Richard Grunberger

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Richard Grunberger (7 March 1924 Vienna, Austria – 15 February 2005) was a British historian, who specialised in study of the Third Reich.[1][2]

He was born in Austria to Jewish parents. After the 1938 Anschluss with Hitler's Germany, he was put on the first Kindertransport train to leave Vienna. He was initially housed in a refugee camp at Lowestoft in England. After this he lived with a Jewish family, who were West End tailors in London. Grunberger entered their tailoring business. His desire for education however led to his taking A levels at Birkbeck college. He gained an Exhibition scholarship in History at King's College London.[2]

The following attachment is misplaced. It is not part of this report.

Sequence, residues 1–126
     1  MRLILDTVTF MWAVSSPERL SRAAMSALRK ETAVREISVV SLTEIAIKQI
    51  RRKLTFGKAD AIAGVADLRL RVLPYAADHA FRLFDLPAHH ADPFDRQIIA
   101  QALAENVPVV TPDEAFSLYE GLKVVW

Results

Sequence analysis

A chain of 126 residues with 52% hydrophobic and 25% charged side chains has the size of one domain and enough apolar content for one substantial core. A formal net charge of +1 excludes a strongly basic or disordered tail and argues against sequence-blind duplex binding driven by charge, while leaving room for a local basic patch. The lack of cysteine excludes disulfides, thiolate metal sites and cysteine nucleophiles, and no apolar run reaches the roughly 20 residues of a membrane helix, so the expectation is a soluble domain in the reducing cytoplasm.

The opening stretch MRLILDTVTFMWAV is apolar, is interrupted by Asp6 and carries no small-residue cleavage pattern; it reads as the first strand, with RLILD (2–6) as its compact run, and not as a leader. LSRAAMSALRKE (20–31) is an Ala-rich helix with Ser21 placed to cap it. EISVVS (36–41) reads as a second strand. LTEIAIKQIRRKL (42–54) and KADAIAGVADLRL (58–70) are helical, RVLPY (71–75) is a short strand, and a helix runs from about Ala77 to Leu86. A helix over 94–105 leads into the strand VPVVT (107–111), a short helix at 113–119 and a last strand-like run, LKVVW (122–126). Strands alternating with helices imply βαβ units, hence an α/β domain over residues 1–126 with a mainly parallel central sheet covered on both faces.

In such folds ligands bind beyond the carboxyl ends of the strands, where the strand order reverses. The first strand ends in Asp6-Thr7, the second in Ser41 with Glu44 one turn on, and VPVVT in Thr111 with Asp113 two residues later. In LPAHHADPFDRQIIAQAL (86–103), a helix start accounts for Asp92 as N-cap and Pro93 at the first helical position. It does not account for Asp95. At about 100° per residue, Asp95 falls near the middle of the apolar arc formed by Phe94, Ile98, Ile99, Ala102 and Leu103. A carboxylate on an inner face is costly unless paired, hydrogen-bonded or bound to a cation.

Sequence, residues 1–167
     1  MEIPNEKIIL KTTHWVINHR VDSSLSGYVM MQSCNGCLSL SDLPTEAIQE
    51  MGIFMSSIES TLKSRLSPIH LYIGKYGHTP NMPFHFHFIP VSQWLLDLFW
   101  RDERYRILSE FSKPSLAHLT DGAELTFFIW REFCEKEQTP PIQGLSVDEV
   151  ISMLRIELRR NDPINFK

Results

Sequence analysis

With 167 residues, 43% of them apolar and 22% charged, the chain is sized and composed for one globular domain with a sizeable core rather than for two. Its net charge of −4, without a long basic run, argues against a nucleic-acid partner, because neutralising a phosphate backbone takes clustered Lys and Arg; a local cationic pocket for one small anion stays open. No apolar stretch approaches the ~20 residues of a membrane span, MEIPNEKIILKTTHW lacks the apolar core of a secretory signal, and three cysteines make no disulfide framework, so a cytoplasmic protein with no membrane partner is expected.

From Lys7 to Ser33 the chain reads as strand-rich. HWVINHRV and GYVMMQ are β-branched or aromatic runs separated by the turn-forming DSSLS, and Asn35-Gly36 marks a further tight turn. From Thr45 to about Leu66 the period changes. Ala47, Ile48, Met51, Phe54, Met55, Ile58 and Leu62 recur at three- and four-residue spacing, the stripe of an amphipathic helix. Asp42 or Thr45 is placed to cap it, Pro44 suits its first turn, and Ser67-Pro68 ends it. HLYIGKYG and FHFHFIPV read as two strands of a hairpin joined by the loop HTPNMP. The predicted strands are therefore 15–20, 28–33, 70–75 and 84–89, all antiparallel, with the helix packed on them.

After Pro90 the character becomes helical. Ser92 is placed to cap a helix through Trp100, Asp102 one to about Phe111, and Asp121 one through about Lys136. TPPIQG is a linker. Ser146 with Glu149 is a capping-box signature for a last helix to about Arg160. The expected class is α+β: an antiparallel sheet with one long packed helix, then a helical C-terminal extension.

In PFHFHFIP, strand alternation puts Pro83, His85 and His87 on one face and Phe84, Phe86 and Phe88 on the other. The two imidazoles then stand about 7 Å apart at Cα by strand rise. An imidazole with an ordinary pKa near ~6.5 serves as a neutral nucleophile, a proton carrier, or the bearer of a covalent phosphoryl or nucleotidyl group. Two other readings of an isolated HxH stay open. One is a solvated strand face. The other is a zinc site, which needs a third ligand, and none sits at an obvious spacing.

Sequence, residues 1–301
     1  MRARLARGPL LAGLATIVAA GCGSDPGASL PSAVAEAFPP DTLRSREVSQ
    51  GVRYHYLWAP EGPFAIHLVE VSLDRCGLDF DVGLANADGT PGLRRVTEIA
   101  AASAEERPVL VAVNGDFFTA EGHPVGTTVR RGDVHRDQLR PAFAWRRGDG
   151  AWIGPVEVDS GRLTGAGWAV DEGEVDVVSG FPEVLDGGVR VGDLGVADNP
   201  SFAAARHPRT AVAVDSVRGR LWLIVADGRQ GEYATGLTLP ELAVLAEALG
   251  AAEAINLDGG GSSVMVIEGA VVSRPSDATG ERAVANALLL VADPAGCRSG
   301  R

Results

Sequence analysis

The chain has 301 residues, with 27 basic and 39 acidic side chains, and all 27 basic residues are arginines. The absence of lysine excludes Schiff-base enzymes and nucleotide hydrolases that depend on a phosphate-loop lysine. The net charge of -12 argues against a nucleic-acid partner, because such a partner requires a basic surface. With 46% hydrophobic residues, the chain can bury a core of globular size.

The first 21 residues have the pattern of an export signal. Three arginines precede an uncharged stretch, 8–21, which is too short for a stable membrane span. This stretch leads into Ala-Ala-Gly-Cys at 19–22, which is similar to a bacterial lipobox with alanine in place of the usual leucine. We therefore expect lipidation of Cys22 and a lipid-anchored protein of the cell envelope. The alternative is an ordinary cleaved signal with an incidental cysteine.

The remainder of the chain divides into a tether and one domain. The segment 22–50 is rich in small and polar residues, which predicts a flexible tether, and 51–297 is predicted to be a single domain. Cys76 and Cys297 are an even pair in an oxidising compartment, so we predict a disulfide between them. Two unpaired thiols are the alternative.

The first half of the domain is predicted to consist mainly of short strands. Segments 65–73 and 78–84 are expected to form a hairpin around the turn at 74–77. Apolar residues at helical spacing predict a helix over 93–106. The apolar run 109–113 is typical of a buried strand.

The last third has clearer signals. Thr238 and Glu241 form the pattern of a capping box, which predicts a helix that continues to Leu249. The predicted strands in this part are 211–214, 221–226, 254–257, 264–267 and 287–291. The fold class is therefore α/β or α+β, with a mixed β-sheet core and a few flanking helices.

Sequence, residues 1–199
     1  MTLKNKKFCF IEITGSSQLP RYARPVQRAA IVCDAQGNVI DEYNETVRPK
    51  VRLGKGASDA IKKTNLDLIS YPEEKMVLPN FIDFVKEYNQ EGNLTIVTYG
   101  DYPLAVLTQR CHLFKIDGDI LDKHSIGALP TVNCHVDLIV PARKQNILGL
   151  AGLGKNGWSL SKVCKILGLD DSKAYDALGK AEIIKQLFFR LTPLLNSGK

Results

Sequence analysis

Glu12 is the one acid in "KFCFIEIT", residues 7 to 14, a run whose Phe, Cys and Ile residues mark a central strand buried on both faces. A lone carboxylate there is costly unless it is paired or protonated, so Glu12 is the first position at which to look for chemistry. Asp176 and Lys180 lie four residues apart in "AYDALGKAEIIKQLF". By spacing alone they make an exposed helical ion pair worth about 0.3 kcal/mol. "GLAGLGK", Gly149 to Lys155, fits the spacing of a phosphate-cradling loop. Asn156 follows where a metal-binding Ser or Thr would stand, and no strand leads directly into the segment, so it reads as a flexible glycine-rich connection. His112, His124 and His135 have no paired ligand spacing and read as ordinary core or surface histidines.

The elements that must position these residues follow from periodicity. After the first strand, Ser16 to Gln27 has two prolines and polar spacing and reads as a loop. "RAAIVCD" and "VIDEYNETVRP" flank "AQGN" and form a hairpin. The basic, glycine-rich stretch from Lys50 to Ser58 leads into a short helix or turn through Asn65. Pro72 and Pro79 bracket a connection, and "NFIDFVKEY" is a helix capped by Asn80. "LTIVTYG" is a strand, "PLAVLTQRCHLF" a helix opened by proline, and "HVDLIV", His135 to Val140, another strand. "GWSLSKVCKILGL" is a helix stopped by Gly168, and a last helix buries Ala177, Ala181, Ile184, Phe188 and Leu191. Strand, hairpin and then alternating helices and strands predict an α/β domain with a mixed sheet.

When he went to the Wiener Library in London, he expressed to a friend his frustration at the absence of a book that held together the masses of documentation surrounding Nazism and 20th Century Germany. A friend asked why he did not write one, and so he did. The product was A Social History of the Third Reich, first published in 1971 by Weidenfeld & Nicolson. It has since become a significant text for studying the social history of Nazi Germany in schools and at undergraduate level.[2]

Initially, much of Grunberger's leisure time in Britain was taken up by the communist youth group Young Austria. In spite of this, his political outlook was social democratic.[2]

References[edit]

  1. ^ Rickels, Laurence A. (2002). Nazi psychoanalysis. University of Minnesota Press. p. 12. ISBN 0-8166-3697-4. 
  2. ^ a b c d Rothenberg, Ruth (2005-05-07). "Obituary: Richard Grunberger". The Guardian. Retrieved 2009-08-25.